Andrew Allentuck

Friday, May 25, 2001


Blood, Sweat & Tears: The Evolution of Work
by Richard Donkin
Texere, 374 pages

The scope of this book, which covers work since neolithic times, is astonishing. Author Donkin, whose day job is scribbling thumbsuckers (journalese for thought-provoking pieces) for the Financial Times of London, has produced a sweeping study of man's labours from flint napping to medieval labours to slave labour in Auschwitz to the age of the web.

Mr. Donkin's style is discursive as he roams the labour side of the production equation. For investors, he explores the value of employee share ownership plans. For managers, he examines efficiency engineering. He shows that labour is defined by available technology. That's the fundament of the supply curve and it is a small point of vast importance.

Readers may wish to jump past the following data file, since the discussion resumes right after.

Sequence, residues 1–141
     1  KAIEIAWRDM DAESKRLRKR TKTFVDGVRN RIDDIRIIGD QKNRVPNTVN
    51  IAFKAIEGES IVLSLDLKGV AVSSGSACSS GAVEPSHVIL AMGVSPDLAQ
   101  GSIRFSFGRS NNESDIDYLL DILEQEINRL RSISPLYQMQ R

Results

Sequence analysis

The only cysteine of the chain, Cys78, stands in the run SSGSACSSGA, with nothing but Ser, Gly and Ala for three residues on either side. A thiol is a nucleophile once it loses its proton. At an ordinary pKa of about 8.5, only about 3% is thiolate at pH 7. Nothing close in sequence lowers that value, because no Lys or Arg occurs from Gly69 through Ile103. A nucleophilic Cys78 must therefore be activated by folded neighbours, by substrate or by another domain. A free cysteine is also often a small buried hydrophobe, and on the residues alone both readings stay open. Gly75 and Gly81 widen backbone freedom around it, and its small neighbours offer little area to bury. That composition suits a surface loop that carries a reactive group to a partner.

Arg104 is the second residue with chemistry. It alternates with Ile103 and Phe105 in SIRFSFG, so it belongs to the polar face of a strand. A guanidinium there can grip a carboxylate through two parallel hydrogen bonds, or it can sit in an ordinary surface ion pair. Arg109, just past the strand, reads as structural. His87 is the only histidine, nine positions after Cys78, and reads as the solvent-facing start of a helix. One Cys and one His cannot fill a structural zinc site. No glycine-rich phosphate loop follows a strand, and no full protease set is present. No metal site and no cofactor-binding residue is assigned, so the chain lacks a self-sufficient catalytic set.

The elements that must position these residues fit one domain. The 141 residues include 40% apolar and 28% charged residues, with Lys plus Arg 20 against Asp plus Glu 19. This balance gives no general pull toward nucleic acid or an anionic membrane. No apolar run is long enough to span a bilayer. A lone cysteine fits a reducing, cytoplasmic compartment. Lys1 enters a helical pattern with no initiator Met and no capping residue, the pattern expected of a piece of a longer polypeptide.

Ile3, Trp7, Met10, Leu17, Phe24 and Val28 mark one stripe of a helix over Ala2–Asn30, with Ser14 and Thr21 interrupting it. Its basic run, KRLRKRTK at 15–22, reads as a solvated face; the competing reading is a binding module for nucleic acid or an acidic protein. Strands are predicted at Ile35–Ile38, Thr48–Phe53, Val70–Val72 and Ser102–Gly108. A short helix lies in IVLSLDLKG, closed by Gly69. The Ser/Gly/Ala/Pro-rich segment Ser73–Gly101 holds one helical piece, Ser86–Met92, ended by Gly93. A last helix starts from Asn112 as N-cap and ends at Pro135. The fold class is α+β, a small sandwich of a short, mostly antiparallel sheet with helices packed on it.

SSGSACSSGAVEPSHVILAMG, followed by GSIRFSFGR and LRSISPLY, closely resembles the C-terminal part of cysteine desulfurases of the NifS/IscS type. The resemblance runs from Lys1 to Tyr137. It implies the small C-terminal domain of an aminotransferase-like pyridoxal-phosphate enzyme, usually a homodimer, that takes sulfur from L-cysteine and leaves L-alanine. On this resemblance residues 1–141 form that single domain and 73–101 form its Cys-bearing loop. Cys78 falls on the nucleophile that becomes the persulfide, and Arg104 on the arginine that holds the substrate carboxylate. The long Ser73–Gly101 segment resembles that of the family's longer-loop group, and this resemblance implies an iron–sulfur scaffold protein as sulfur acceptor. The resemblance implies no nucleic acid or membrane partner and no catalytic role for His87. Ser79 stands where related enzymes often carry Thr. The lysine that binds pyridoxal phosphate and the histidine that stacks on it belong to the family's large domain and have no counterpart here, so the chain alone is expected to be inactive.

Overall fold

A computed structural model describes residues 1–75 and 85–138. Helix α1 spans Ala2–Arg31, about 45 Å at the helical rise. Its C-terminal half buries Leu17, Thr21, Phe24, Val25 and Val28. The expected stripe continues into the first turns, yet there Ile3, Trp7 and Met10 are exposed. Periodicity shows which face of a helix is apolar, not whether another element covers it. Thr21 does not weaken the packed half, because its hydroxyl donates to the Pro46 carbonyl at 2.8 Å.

Unfortunately, much of this book is old hat, for example, the observation that women find it hard to penetrate the glass ceiling of the workplace. Other content is just cocktail party chat, i.e., "political correctness is Puritanism in disguise." But the collective work is provocative, insightful, and even useful to investors who wonder how much of their capital winds up combined with productive labour. For a quiet evening with pipe in hand and dog at foot Blood, Sweat and Tears is an intelligent, even delicious read. Mr. Donkin has turned the dull as nails question of what labour is through history into a page-turner of a book.